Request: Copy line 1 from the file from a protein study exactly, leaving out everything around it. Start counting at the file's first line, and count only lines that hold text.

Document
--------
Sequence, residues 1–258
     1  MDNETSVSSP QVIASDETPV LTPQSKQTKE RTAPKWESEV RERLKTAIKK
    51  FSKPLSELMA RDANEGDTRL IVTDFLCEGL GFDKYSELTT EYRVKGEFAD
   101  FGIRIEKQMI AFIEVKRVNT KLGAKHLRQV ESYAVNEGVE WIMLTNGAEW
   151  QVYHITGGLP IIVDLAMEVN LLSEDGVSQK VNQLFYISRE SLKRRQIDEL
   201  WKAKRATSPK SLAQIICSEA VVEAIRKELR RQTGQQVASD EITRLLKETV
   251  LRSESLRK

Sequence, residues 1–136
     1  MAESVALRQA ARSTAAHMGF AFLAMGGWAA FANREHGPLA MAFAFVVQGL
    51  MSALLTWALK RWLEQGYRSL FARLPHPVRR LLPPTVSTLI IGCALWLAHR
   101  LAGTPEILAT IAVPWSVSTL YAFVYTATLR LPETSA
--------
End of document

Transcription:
Sequence, residues 1–258